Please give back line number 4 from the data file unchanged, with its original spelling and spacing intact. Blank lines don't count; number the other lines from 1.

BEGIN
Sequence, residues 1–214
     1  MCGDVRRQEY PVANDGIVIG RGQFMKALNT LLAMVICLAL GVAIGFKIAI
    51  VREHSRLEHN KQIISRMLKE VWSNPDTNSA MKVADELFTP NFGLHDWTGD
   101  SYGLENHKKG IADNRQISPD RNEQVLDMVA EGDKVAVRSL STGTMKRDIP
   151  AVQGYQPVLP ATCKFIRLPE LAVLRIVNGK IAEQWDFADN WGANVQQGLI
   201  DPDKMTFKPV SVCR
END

   101  SYGLENHKKG IADNRQISPD RNEQVLDMVA EGDKVAVRSL STGTMKRDIP